I’ve talked before about how athletic women are portrayed in the media. I still feel that society (especially Argentine society) shies away from portraying women as aggressive, powerful, or masculine. And, if they do, it is sugar coated with some sort of femininity.
After the recent Argentina win in the Women’s Hockey World Cup, there have been a lot of images and exposure on Las Leonas. Especially on “Lucha” Luciana Aymar, who had to choose between being an athlete or a model.
It is interesting how the female athlete is not shown in the same way as the male athlete; if any masculinity comes through, it is downplayed and covered up. I’m not quite sure what is trying to be hidden: is it confusing to see a masculine woman? Does it have to do with some sort of fear of mixing the genders? Or is it simpler to keep the masculine and feminine traits completely separate and matching with their own sex?
I find this simplification degrading; isn’t this the perfect era to show our true colours of diversity as a human race?
A couple weeks ago, I came face to face with my own need to express my so called masculine side. And it didn’t happen with my women’s team, but while playing with men.
I was at Devoto court, engaged in some competitive rounds of 3-on-3 basketball. It was probably around my 5th or 6th game, playing with Oso and El Pelado, when Freezer was paired up to defend me. He is a good player: fast, good handles, and I have respect for his Kobe-esque shot from the corner ears of the paint. We are friends, although for some reason or other he always addresses me as “Señora”.
The game started up and we were playing well, with both teams fairly even in skills. And around half way through the game, while setting up the ball, Freezer suddenly started defending me up close, pressuring me. I got nervous, tried to protect the ball, but he ended up swatting and stealing it and making a point. Up until that point, he had been letting me move and shoot freely, not defending me that hard and now he changed his degree of pressure. This pissed me off; not because of the strong defense, but because of the sudden shift. If you are going to defend hard, do it for the whole game, not in random spurts when you feel like it.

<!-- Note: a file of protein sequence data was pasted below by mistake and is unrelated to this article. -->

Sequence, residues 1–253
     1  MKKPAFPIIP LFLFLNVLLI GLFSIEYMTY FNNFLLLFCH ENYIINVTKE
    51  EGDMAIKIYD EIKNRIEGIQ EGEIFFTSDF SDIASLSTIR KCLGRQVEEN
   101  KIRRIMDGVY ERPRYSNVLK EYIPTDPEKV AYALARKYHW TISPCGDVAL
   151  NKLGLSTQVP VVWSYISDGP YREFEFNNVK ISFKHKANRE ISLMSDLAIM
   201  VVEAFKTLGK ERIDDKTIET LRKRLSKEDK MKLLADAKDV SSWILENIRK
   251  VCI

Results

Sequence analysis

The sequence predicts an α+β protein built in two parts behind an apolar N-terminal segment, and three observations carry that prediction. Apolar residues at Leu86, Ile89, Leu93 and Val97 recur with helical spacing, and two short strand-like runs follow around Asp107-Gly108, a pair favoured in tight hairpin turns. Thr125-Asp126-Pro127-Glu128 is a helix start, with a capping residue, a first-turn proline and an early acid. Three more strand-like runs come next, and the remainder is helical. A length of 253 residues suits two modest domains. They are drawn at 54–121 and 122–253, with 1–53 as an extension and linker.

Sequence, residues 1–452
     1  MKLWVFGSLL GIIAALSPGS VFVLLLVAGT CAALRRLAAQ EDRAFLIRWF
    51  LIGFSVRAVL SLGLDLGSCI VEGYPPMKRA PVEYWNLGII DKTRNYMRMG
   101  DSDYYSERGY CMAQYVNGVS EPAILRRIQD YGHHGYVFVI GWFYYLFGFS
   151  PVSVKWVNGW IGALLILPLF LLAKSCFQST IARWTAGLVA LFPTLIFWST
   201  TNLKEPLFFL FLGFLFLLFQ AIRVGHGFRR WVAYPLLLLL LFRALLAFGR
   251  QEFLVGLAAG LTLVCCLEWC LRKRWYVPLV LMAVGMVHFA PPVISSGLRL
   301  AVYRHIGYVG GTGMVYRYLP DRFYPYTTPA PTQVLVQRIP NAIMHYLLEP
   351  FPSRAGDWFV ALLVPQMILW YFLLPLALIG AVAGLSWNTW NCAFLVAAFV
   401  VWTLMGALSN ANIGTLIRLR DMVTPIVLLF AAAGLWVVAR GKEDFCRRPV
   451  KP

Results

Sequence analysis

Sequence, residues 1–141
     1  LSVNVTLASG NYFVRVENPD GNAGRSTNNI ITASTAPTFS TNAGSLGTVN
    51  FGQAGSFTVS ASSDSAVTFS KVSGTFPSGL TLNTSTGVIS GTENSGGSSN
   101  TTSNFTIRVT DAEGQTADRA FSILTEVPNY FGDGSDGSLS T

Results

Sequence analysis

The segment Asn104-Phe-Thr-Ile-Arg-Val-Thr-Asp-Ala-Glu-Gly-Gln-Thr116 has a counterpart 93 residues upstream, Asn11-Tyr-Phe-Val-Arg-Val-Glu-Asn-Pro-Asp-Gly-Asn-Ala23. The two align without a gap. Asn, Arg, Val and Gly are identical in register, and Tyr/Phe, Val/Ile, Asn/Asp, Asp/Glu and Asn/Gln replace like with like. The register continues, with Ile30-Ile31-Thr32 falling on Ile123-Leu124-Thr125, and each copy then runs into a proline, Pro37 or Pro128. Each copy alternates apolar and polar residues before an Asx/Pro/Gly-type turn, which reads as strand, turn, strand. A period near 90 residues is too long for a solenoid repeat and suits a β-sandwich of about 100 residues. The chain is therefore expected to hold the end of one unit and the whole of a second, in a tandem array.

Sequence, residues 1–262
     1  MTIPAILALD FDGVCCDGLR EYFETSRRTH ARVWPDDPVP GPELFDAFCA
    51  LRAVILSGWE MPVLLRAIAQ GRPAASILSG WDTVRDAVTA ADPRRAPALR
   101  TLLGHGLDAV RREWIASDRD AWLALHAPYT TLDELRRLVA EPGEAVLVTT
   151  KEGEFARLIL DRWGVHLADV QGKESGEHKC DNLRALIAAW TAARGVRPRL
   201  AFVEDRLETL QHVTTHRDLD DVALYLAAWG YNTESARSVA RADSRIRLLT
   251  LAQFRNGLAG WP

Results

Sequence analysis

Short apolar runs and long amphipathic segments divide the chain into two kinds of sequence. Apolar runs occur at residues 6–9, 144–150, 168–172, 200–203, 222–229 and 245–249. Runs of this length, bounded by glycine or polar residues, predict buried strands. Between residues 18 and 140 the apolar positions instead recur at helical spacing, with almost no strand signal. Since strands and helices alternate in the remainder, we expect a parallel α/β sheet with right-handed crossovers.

What happened next was completely natural, and unexpected. The following words came out of my mouth:
“Okay, you want to play like that?”
“That’s fine…that is how we are going to play.”
I didn’t look at any of the other players, but later Oso told me that everyone was looking at me in disbelief. I don’t think I even believed myself, but apparently something needed to come out.
After that the obvious went down: Freezer played his toughest offense and I played my toughest defense. I did everything possible for him not to shoot and ended up picking up a couple fouls in the process.
Through the game of basketball, I have been getting to know both my feminine and masculine sides, paying with both men and women. However, when I do play with men, maybe I feel this need to assert my toughness, and reassure the guys that I can handle the same physical and emotional demands. And sometimes I do this by putting a tough face. But now I realize that it isn’t about what you say or face you put on, but more about what you do with your game.
Talking to Oso in the car, he noted that I always have this sour or tough face on while playing with men. Do I play better? Not really. The contrast of gender seems to create this opposition, maybe to protect myself, or maybe just out of habit.
Something else he noted, which I tried to soak in, was: “If you know a guy is faster than you on the court, it is very simple…you pass the ball.”
He was right. Letting my own pride inflate is useless and it is smarter to play as a team. I left leaving Devoto that day sore and puzzled, but satisfied because I knew I had played well.